To mark the tenth anniversary of the IISS Manama Dialogue the IISS has produced an Adelphi book that analyses the key challenges now faced by the Middle East.

To mark the tenth anniversary of the IISS Manama Dialogue process and to capitalise on the new light it has shed on security issues in the Gulf and the wider Middle East, this Adelphi brings together the results of two workshops held by IISS in its Middle East office in Manama. Featuring essays by nine IISS analysts and a number of outside experts, the book examines the most important geostrategic issues in the region, including the myriad security challenges it faces. These interlinked papers focus in particular on the regional ramifications of the civil war in Syria and the effects of the United States changing posture in the Middle East.

The aim of this Adelphi is to both highlight and develop the ongoing discussions and debates about Gulf security that have taken place in the Manama Dialogue over the previous decade, and that will continue to do so over the next ten years. As such, it capitalises on the IISS’s global reputation not only as the world leader in convening para-diplomatic events, but also as a provider of the best possible objective information and analysis on global military and political developments.

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  • Introduction

    For one crucial weekend each December, the Kingdom of Bahrain becomes the fulcrum of regional defence and security diplomacy in the Gulf, when ministerial delegations from over two-dozen countries converge on the IISS Manama Dialogue. Outwardly, the Manama Dialogue has all the appearances of a conventional conference. But its purpose and its function is the provision of a de facto regional security institution, with at least three very particular characteristics. Firstly...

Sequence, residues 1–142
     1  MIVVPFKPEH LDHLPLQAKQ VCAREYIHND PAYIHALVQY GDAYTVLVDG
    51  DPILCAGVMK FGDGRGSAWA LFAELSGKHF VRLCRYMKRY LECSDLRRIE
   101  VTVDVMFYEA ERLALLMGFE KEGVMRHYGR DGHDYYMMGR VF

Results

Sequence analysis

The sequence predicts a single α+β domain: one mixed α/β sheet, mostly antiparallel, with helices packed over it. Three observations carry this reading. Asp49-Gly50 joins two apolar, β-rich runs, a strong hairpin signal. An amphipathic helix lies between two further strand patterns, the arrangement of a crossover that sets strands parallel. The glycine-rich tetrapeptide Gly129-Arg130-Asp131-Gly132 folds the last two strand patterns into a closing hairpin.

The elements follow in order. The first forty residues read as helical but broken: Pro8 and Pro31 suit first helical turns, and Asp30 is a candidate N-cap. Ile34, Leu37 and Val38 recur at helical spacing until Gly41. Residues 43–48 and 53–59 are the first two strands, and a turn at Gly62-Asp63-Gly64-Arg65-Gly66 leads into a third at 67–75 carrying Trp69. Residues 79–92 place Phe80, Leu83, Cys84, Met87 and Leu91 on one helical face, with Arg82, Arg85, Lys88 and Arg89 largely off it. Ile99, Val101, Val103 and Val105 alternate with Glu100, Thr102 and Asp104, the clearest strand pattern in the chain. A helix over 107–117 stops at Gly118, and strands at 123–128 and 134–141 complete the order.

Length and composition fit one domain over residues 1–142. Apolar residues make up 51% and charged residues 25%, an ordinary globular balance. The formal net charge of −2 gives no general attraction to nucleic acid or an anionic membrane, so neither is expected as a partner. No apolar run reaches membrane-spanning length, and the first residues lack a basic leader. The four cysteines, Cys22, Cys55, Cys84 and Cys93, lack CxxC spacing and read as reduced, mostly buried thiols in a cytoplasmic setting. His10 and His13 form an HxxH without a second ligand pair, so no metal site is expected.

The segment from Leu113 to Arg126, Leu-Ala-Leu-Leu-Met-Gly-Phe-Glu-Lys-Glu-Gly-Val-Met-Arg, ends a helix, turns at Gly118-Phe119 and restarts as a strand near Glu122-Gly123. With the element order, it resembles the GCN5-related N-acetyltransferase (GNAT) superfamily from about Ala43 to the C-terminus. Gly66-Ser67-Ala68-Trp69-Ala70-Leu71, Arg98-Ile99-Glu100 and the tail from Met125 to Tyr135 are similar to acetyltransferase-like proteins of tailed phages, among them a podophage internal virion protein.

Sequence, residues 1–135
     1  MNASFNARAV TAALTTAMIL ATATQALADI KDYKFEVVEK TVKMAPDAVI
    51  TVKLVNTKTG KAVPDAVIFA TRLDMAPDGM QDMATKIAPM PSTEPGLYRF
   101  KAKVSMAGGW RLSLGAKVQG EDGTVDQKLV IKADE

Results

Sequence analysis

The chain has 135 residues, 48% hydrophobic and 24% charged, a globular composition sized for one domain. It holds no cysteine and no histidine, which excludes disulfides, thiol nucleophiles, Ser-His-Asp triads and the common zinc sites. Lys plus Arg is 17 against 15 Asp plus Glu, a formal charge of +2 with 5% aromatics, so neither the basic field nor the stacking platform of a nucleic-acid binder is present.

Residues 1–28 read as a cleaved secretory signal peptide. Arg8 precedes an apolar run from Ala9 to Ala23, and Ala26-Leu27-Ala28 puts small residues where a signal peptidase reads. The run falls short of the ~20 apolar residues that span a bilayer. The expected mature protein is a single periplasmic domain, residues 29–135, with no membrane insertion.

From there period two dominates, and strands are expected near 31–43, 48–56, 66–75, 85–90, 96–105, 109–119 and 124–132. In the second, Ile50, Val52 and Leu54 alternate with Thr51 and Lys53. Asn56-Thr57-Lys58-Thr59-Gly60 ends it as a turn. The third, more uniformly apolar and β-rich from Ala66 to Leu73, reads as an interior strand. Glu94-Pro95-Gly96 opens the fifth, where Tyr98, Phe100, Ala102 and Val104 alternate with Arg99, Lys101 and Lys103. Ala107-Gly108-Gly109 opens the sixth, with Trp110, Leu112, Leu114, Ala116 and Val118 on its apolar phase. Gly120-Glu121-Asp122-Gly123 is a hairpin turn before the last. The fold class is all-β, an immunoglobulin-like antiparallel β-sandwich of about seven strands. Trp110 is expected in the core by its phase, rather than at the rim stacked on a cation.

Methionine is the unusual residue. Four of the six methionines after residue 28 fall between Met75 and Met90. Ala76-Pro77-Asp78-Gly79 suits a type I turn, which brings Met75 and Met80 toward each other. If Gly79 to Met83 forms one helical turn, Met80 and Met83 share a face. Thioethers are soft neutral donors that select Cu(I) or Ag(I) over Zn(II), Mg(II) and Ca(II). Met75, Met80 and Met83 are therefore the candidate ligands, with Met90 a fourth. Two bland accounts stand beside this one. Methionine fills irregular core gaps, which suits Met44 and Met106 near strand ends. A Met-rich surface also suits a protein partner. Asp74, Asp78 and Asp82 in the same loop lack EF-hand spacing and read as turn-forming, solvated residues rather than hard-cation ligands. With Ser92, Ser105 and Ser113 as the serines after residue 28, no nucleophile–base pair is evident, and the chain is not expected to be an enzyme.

• Chapter One: The Crisis of the Iraqi State

    The new and severe crisis that has engulfed Iraq became apparent on 10 June 2014, when the Islamic State of Iraq and al-Sham (ISIS) took control of Mosul, the country’s second-largest city. There were estimated to have been only 3,000 ISIS fighters in Iraq during 2013–14, yet forces aligned with the rebellion overwhelmed and defeated a garrison in Mosul believed to contain more than 30,000 Iraqi government troops. The rebels...
  • Chapter Two: Iran, the Gulf States and the Syrian Civil War

    Their role has influenced the calculations, positioning, behaviour and fortunes of the principal Syrian players. Irrespective of whether the effect was intended, this regional competition has revealed and deepened the many fault lines that cross Syrian politics and society. It has also exacerbated the polarisation of the Middle East. In the case of Iran and the major Gulf states, ‘spill-in’ – an effect in which a growing security vacuum attracts external...
  • Chapter Three: Assessing Syria’s Jihad

    The Syrian insurgency has had an overt Sunni jihadist component since 23 January 2012, when Jabhat al-Nusra announced its emergence and claimed responsibility for its first attack – a suicide bombing in Damascus on 23 December 2011, which killed 40 people. However, Jabhat al-Nusra had in fact been covertly active on a minimal scale in Syria from at least August 2011, thanks to the release of Islamist detainees from Syrian...
  • Chapter Four: Turkey’s Syria Predicament

    The Arab Spring, the Syrian crisis and the dramatic rise of ISIS in both Iraq and Syria have undermined years of effort in constructing a new foreign policy, upending its relations with states in the Middle East and the West, particularly America. Turkey also has to worry about how its own Kurdish population will be affected by both Kobane and the emergence of jihadist sympathisers within Turkish territory, some of...